“I want to see the trees...”

Finding an Overlook

I want to see the trees like this, I want to see the trees—

birds do it, perhaps flying insects too. However,

the speed of the Interstate had taught my eyes not to drift.

But the camera changed me: I slowed down

and soon discovered how I could photograph in a new way.

A canopy of trees can protect and hide, but those above

it see that which gives a thrill for its mass

suggests the miracle of the breathing of leaves.

Each spring thrills with portents and we know there will be

not just buds and flower, but leaves in congregations that

if we are of suitable mind will bring a worship of creation.

Trees do not just exalt in sunlight and rain,

they breath for us,

so the sea of carbon becomes the sire of all that grows,

and for our lungs and spirits it provides, and —

Oh! a tree with the spirit of Van Gogh.

My god...I cannot tell you of the glow in me to see

from all places The Pike!, and sitting on a steel rail

with Boston’s morning business roaring by a photograph

now forever in a museum. What fortune to find hidden

so nearby, I had never thought to look.

New England Monthly called them (naturally, although the publicity was welcome nevertheless) “Pike Pictures” for an article featuring several full page spreads.

I went a bit bananas when I first looked over the guardrail in Weston, Mass. and saw acres of what I think of as pointillist because of the dots of buds. The view was up close and high because the design of the Turnpike called for several valleys to be filled and so provided me a place to stand and see.

These photographs changed me forever. They tapped into an aesthetic where the texture (often fine detail) of the image became the motivation to create a composition. These images also triggered the notion of images that were hidden although nearby.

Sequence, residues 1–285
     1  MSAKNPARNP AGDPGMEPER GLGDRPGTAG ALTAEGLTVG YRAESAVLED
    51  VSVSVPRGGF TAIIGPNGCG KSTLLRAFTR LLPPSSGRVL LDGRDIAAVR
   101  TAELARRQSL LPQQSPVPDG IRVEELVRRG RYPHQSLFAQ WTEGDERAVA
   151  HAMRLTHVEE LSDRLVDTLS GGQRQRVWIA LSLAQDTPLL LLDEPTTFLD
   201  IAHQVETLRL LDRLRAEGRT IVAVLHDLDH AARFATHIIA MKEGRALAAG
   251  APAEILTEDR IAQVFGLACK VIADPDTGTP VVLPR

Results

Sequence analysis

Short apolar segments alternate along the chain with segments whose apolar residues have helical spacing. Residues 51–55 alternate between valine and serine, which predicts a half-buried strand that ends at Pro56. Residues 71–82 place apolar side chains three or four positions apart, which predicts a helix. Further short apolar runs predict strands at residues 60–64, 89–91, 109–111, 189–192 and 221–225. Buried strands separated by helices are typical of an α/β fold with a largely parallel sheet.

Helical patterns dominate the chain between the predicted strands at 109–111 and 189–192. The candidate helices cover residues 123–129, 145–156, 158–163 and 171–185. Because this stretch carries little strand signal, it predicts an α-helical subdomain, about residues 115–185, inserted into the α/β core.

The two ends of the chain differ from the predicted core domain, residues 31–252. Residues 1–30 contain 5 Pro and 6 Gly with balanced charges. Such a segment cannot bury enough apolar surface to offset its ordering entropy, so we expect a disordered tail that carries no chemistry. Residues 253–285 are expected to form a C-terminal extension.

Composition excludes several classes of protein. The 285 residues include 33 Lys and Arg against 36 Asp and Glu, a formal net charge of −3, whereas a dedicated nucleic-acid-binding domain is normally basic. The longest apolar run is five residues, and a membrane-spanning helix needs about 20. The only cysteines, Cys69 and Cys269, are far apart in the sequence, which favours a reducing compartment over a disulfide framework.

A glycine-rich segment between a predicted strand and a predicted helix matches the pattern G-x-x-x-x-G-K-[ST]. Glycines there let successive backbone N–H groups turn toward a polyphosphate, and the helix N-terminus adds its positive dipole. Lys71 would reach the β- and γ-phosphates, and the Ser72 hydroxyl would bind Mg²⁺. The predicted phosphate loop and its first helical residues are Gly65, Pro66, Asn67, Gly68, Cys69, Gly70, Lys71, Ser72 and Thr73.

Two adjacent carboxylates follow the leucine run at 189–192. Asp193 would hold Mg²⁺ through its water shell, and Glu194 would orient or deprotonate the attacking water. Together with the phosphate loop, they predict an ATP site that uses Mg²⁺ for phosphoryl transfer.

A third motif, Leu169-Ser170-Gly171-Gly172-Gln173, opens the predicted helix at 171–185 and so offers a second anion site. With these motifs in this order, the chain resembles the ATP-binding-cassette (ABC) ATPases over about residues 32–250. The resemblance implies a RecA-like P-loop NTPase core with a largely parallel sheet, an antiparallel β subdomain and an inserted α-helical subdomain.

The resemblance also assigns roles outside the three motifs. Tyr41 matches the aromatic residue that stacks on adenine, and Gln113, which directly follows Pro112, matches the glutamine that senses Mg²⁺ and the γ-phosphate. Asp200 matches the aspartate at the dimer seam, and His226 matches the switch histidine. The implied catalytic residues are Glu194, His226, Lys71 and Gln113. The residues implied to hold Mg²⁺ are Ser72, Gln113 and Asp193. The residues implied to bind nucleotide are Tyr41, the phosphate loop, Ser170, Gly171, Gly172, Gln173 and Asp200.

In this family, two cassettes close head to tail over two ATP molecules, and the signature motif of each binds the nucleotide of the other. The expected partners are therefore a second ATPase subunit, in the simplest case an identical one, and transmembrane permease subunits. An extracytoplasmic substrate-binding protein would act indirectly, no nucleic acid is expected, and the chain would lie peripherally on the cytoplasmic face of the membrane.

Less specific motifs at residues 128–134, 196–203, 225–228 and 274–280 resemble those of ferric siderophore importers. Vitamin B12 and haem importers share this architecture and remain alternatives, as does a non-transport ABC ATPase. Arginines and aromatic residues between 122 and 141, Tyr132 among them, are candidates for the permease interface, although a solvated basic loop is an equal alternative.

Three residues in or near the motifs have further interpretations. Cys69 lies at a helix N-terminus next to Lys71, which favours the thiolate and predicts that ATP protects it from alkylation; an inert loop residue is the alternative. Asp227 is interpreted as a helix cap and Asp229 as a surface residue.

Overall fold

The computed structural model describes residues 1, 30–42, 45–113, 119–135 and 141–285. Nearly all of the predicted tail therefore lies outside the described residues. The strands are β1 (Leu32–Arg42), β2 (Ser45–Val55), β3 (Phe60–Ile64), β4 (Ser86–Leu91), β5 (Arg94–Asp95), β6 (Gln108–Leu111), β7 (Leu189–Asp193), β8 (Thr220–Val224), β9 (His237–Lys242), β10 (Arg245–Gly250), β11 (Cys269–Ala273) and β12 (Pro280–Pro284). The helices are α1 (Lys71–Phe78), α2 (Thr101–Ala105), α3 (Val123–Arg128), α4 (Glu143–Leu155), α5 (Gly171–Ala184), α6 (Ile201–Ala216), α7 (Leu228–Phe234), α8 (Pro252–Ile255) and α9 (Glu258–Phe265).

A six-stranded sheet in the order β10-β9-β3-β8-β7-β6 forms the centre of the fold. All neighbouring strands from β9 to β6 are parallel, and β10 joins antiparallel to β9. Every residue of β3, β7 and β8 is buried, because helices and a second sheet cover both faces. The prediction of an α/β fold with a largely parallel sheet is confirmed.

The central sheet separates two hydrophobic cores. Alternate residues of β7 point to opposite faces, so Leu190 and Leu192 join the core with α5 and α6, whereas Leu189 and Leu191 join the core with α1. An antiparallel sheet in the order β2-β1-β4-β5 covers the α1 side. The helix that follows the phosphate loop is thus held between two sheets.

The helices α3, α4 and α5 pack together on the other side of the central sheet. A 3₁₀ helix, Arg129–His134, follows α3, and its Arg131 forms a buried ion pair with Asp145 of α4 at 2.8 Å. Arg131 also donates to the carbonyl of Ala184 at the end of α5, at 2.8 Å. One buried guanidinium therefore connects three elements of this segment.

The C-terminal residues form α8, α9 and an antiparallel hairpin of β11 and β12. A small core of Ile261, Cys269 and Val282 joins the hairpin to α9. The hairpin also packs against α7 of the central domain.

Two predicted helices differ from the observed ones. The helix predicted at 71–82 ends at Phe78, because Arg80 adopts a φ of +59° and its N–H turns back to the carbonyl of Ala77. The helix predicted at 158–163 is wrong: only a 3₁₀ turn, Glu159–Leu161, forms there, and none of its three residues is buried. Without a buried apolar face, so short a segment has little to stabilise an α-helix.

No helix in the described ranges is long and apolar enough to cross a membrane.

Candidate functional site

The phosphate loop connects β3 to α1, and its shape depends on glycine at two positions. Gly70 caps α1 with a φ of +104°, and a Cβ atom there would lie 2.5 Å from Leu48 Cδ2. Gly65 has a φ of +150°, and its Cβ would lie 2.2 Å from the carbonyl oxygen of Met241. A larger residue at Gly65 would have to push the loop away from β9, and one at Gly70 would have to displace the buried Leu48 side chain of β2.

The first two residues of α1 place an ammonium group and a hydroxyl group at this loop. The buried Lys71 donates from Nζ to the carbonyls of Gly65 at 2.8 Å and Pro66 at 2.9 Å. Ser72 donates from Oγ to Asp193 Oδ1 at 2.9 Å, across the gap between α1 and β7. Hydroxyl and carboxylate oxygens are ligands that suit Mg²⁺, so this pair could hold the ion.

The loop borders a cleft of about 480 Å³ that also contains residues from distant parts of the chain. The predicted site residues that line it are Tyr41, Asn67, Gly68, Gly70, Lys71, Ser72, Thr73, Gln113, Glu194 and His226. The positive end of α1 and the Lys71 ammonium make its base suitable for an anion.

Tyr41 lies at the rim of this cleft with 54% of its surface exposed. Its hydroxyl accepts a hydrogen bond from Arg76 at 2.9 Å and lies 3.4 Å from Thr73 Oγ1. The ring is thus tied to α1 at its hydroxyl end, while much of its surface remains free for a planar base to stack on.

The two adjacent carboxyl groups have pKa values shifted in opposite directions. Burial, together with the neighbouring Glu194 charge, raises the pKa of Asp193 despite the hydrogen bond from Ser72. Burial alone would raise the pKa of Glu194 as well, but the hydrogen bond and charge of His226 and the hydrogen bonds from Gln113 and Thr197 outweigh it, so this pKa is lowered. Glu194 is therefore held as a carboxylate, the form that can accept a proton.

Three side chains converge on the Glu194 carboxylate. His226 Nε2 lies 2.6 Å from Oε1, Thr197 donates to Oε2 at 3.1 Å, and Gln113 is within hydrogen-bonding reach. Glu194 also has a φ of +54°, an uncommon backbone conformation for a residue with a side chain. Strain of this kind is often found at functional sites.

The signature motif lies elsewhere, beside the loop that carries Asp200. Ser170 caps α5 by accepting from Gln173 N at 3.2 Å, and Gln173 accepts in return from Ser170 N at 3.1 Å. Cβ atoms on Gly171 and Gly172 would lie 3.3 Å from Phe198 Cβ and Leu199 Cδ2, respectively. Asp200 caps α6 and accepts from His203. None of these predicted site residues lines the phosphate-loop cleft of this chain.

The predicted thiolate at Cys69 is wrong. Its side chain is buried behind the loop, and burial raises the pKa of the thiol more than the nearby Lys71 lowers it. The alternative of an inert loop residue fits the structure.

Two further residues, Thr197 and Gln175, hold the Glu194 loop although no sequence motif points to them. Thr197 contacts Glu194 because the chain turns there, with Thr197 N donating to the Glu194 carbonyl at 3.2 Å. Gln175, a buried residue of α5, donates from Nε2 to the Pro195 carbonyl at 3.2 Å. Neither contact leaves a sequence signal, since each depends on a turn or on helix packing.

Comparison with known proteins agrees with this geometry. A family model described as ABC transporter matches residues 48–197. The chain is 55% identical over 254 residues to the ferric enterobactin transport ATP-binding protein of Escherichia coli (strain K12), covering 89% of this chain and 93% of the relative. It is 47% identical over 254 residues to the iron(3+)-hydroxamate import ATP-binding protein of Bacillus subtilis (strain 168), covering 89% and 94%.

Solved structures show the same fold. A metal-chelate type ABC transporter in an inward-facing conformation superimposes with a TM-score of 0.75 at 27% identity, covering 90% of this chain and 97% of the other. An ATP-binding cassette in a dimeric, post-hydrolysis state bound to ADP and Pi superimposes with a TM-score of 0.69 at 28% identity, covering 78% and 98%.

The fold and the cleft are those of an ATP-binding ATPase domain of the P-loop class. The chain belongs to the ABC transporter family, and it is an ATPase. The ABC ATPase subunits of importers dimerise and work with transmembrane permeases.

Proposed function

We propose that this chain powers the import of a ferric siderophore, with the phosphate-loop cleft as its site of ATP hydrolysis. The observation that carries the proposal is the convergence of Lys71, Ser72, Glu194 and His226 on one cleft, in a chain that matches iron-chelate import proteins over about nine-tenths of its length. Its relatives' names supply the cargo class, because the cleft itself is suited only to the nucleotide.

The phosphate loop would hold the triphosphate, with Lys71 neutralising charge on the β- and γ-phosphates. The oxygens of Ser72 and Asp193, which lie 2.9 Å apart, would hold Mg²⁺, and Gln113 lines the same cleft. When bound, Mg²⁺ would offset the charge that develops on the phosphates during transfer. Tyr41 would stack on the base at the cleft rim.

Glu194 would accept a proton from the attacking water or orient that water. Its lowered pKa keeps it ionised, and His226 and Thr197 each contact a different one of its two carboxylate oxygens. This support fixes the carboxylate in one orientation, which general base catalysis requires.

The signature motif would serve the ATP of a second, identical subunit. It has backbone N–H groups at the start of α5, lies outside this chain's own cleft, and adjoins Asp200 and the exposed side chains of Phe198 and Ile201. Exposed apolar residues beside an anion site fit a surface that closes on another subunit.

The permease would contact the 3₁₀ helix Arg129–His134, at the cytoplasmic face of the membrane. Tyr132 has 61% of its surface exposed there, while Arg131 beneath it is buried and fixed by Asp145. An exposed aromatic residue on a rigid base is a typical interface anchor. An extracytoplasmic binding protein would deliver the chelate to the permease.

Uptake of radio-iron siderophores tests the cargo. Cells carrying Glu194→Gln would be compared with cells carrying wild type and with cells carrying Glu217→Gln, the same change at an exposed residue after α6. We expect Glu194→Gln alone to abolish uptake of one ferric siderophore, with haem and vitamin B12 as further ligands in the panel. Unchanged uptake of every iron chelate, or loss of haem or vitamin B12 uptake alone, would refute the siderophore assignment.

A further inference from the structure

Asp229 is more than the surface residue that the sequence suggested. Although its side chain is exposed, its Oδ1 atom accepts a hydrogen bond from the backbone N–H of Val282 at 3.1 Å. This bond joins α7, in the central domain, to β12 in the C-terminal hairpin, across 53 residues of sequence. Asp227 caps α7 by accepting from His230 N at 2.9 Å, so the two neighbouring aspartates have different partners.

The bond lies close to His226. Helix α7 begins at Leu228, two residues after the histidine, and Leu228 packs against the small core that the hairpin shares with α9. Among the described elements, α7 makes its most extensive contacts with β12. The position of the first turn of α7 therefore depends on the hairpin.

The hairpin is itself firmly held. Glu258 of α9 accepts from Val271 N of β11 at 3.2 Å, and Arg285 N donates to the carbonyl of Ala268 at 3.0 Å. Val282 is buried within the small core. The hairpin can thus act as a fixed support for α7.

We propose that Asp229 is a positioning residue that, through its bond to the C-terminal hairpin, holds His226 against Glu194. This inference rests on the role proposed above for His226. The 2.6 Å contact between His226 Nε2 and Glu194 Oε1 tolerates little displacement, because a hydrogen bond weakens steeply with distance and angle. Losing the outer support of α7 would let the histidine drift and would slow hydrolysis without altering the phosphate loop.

As I discovered more overlooks of overlooked images I wondered how many, if any, of the thousands of commuters had a hint of what I saw.

I thought at first that shooting with a view camera from an Interstate highway a handful of feet from high speed rush hour traffic and 18 wheelers was not exactly an idylic (or safe) experience and I tried every which way to avoid it, particularly if I had to park in the breakdown lane. In this case I got lucky for an entrance ramp provided parking space well away from the breakdown lane. It left a walk of a few hundred feet although with a very narrow foothold.

Click The Tree Canopy Gallery or click on the picture.

But this was just the beginning for the various species of trees turned various colors at various times and provided something that felt like fall, but was so beautifully painted and finally detailed that they suggested a kind of pointillism.

Then there were several conversations with the Turnpike police that eventually required a visit to the Turnpike Authority for formal permission.

However, the encounter I remember most was standing next to my camera which was pointing at the valley of trees. “What are you doing?” Taking pictures. ”Of what?” The trees, and then a look of puzzlement.

After signing a release that I would not blame the Turnpike Authority if something should happen to me, I continued shooting the Pike for a total of ten years.

But that was not all as I discovered overlooks on other Interstates. An overlook on I-190 in Holden, Massachusetts over the Quinapoxit River was too good to pass up. I took my chances by hoping no police would came and then with more risk.

However, this overlook (below) was on a high bridge with no guardrail and serious shaking as the 18 wheelers passed by. But what the hell. I had to time my shooting between the trucks for they shook the bridge and hoped that no one needed the breakdown lane while I was focusing under the dark cloth. This eventually led to several outings. One I remember was after an afternoon of thunderstorms and guessing there might be a nice mist at sunset and I was right.

The Weston Overlook on the Mass Pike

Weston Overlook from ground level

From the Entrance Ramp in Millbury

Spring Sunrise I
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